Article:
By Diana Cheng
Here’s another list of upcoming movie adaptations from literary sources. Some have been screened at film festivals already, but may take a while to come to your local screens. Some have been announced or in development. All are interesting titles to look forward to and to read in anticipation.
Sometimes a film would introduce us to an author. If you haven’t read Maile Meloy, Certain Women could be the starting point. Meloy’s works had garnered multiple accolades including the PEN/Malamud Award, the Rosenthal Foundation Award from the American Academy of Arts and Letters, The Paris Review Prize for Fiction, and shortlisted for the Orange Prize. Her collection of short stories in the book Both Ways is the Only Way I Want is the source material for the indie film Certain Women directed by Kelly Reichardt. Set in the American West, these are stories of different women in various life situations, flawed characters making choices. It’s always intriguing to see how several short stories can weave into a cinematic whole, and for this one, my expectation is even higher with the nuanced and sensitive direction from Reichardt. The film reunites Reichardt with her Wendy and Lucy (2008) star Michelle Williams, joined by the versatile Kristen Stewart and veteran Laura Dern. Certain Women premiered at Sundance Film Festival this January to high acclaims. Before it hits the big screens in your city, if it ever does, lots of time to check out Meloy’s short stories collection.
The Glass Castle
At last, looks like the movie adaptation of this amazing memoir is finally injected with a second life and hopefully will become reality. Since its publication in 2005, the award-winning childhood account of Jeannette Walls had garnered high acclaims and been on the New York Times Bestseller List for 261 weeks. Now, at the heels of her winning the Oscar Best Actress with her performance in the movie version of Emma Donoghue’s Room, Brie Larson is replacing the previously cast Jennifer Lawrence, reuniting with Short Term 12 director Destin Cretton. Wall’s memoir is a colourful saga of growing up in a dysfunctional, almost nomadic family run by an idealistic but often less than sober father and an artistic but depressed mother. Throughout Wall’s growing up years, resilience shines through and her sense of self remains intact. I have high expectation that the film will bring to life the spirit of the book. Naomi Watts and Woody Harrelson play the unconventional parents.
“All happy families are alike; each unhappy family is unhappy in its own way – Tolstoy” thus begins the book trailer for The Nest by Cynthia D’Aprix Sweeney. That explains why we can have so many novels about dysfunctional families, and, so many film adaptations. Sweeney’s debut work reportedly fetched a 7-figure advance from Ecco; not surprisingly, film rights were snatched up soon after. What should be noted is: by whom? Well, as evidence of the booming book/movie enterprise, Amazon Film it is, and Jill Soloway (Transparent) will direct. Note also, just saying, here’s a book with Amy Poehler’s endorsement on the cover. Set in NYC, the story is about four adult children eyeing for an inheritance called The Nest, which – unbeknownst to three of them – had already been squandered by one. Meant to be a humourous take on the dysfunctional, what sounds pathetic is portrayed as satire of the contemporary family. In another smart move, Sweeney will write the script herself, following a proven, rewarding strategy from Gone Girl (Gillian Flynn) to Room (Emma Donoghue).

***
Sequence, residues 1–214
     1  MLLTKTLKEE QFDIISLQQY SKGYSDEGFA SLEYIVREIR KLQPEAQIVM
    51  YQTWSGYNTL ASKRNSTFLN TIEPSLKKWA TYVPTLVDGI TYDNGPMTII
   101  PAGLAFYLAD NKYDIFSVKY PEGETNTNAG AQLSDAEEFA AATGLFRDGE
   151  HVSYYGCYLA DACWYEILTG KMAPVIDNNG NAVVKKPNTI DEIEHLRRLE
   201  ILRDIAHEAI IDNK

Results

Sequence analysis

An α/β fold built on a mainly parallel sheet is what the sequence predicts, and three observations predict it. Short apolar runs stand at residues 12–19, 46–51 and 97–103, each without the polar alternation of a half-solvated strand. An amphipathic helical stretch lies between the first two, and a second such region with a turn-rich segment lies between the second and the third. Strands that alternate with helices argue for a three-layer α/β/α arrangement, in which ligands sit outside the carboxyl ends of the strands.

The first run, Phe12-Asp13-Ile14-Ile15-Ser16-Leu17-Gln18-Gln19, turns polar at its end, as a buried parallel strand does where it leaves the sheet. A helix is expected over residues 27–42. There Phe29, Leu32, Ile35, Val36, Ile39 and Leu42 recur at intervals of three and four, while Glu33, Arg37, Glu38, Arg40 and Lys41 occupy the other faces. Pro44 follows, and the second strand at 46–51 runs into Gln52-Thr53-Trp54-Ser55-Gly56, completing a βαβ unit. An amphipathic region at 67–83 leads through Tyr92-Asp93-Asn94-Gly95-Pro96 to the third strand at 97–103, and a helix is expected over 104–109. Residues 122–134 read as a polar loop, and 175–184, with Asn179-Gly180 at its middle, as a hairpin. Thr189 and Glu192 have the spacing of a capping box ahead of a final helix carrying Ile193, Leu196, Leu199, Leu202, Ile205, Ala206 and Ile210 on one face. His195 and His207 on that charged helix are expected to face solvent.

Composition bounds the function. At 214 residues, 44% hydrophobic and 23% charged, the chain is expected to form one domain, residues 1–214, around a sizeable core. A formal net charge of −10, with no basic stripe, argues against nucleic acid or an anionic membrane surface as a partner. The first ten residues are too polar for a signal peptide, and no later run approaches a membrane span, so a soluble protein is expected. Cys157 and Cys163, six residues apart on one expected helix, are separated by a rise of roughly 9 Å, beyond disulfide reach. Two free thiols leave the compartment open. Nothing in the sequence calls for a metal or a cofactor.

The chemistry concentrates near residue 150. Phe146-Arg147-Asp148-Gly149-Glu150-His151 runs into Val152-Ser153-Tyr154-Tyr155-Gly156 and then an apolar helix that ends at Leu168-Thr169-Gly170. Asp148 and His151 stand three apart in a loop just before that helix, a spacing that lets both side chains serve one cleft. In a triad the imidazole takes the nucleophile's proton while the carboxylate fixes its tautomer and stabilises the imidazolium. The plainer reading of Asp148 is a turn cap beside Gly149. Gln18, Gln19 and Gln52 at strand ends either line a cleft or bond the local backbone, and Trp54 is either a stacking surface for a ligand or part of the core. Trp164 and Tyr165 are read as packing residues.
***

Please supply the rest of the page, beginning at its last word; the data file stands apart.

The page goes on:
Our Kind of Traitor
Britain’s most famous longtime export in the movie business has to be the James Bond franchise. In recent years, films based on John Le Carré’s spy novels have also shown their edge, appealing to a different kind of viewers, those looking for the cerebral rather than a spectacle. Our Kind of Traitor may just be a breakout of this mode, for the trailer of this new adaptation looks like a Bond or Bourne production, more action and visual tension than Tinker Tailor Soldier Spy (2011). Ewan McGregor plays a university lecturer who is caught in between the Russian Mafia and the British Intelligence. This is Le Carré’s twenty-second novel and the tenth to be turned into a feature film, beginning with the cold war classic that Richard Burton embodied, The Spy Who Came in From the Cold in 1963. What surprised me even more, and it’s a pleasant one, is that this new title is helmed by a female director, Susanna White, whose previous works many book lovers might have seen: Parade’s End (2012), Jane Eyre (2006), and Bleak House (2005), among many others, and yes, including Nanny McPhee Returns (2010).
Queen of Katwe